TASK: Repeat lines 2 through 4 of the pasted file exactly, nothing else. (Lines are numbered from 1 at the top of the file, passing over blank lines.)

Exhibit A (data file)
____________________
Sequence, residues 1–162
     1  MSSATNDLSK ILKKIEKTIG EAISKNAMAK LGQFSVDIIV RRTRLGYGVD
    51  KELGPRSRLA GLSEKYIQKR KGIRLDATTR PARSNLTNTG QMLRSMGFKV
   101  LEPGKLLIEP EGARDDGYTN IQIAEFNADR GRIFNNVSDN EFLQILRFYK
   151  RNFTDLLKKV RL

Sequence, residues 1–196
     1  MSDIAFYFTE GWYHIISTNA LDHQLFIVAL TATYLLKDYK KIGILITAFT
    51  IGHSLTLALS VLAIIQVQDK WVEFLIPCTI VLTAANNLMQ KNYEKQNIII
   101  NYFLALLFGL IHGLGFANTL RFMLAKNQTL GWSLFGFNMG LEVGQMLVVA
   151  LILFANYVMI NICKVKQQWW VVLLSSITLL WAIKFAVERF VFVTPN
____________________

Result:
     1  MSSATNDLSK ILKKIEKTIG EAISKNAMAK LGQFSVDIIV RRTRLGYGVD
    51  KELGPRSRLA GLSEKYIQKR KGIRLDATTR PARSNLTNTG QMLRSMGFKV
   101  LEPGKLLIEP EGARDDGYTN IQIAEFNADR GRIFNNVSDN EFLQILRFYK